The voter ID push is ripe for a pushback from an organization that has long pushed for access to the polls.
If you're a history buff, a women's rights booster and/or a fan of fair and open elections -- and I plead guilty on all three counts -- you're bound to think highly of the Minnesota League of Women Voters.
If you think of it at all.
Being taken for granted isn't the worst thing that can happen to an organization 92 years after the cause that gave it birth achieved its goal.
The League was the phoenix that rose from the Minnesota Women's Suffrage Association's ashes in October 1919, within weeks of the Legislature's ratification of the 19th Amendment to the U.S. Constitution granting women the vote.
It lacked the crusading zeal of the MWSA. But it got busy encouraging women to run for office, studying a plethora of public issues, lobbying for laws that facilitate clean and orderly elections, and setting the gold standard for sponsorship of campaign debates.
That work has kept the League alive and relevant, but not very visible. And certainly not hip.
There's no time like the present for the League to raise its profile and update its image. An issue appears to be heading toward the state's 2012 constitutional amendment ballot that's smack in the League's wheelhouse. It's the GOP-backed proposal to require that Minnesotans display a state-issued photo ID card before being allowed to vote.
The ID-to-vote proposal is being pitched by proponents as a way to ensure voting integrity. It ought to speak volumes that an organization whose name is synonymous with voting integrity flat-out opposes an ID requirement as a means to that end.
It ought to, provided the League can speak loudly enough to be heard.
Let there be no doubt that Leaguers are ready to speak forcefully enough. I witnessed as much during a recent Star Tribune Editorial Board visit by state president Stacy Doepner-Hove and the League's national president, Elisabeth MacNamara of Atlanta.
They came to defend the nation's Clean Air Act. But when ID-to-vote came up, they were ready with a well-stocked case against it.
"This sets up a barrier for a lot of folks who have never had a need for a drivers' license or ID card in any other aspect of their lives, and now would be told they need one to exercise the most fundamental constitutional right that they have," MacNamara said.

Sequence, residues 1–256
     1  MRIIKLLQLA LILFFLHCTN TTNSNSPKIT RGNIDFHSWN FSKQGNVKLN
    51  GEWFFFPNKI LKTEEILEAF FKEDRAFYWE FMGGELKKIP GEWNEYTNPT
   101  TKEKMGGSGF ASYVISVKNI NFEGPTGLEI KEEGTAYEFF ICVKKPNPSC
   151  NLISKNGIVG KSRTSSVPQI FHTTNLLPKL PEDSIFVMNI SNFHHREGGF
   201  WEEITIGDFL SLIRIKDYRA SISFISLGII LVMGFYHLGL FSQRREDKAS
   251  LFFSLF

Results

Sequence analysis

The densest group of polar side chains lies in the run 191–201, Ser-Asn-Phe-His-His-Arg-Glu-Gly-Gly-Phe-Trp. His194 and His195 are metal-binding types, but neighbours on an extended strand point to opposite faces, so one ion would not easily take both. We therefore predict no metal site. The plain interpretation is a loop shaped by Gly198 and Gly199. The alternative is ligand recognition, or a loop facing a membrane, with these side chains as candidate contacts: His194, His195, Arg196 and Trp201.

A lot of the estimated 100,000 Minnesotans who lack state-issued ID cards, but who are otherwise fully entitled to vote, are elderly women who never drove or who let their licenses lapse.
Dorothy Cooper, a 96-year-old woman from Chattanooga, Tenn., has become an anti-ID national poster grandma for twice being denied her state's newly required ID card -- even though she had voted in every election but one for more than 70 years.
People like Dorothy are the League's people.
But another affected bunch is young. Not every 18- to- 22-year-old carries a driver's license, or one that bears a current address. Not everyone has an up-to-date student photo ID, particularly not in August, when Minnesota's primary elections now occur.
Young people like those who decided rather spontaneously on Election Day 2008, "What the heck, I'll vote," might not be able to do so in future elections if a photo ID requirement is in place.
Trust this: The proponents of a photo ID rule know full well that a majority of 2008's young voters cast ballots for Barack Obama.
They likely are also well-aware that polls are detecting a growing political generation gap in the United States. Young voters are much more likely than their elders to back Obama's reelection bid, according to fascinating new poll results from the Pew Research Center.
Those who seek a constitutional voting ID requirement -- and a same-sex-marriage ban, and a supermajority requirement to raise taxes, and whatever other conservative notion the Republican Legislature takes to the ballot because it can't get it past DFL Gov. Mark Dayton -- know that time and the grim reaper are not on their side.
Their chance to conform the Constitution to their thinking is now.
That makes now the League's moment to get better acquainted with the generation called Millennials. Voters who remember Franklin Roosevelt and those who came of age after 9/11 -- as well as the disabled and very poor -- ought to be allies in an effort to defeat a photo ID requirement.
They will need to be. A voter ID requirement won't be easy to beat. Once a person has a state-issued ID, it's easy for him or her to think that everyone has one, and that something could go wrong if it isn't used.
Many Minnesotans buy the argument that if a photo card is needed to cash a check, board an airplane or see a doctor, why not to vote?
Leaguers have good answers: Showing IDs would prevent only one kind of fraud -- one voter impersonating another. That's exceedingly rare in Minnesota elections. It would be prosecuted as a felony if detected.
Unlike flying or getting a flu shot, voting is a constitutional right. It's one for which earlier generations marched and shed blood to extend to every citizen (in this state, save for imprisoned or on-probation felons, who would benefit from more and better advisories that they are not eligible to cast ballots).
To the organization that keeps alive an institutional memory of suffragettes who were jailed to win the right to vote, that means something.
League grandmothers, call your granddaughters. Now's your chance to make it mean something to a new generation.
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Lori Sturdevant is a Star Tribune editorial writer and columnist.
The Opinion section is produced by the Editorial Department to foster discussion about key issues. The Editorial Board represents the institutional voice of the Star Tribune and operates independently of the newsroom.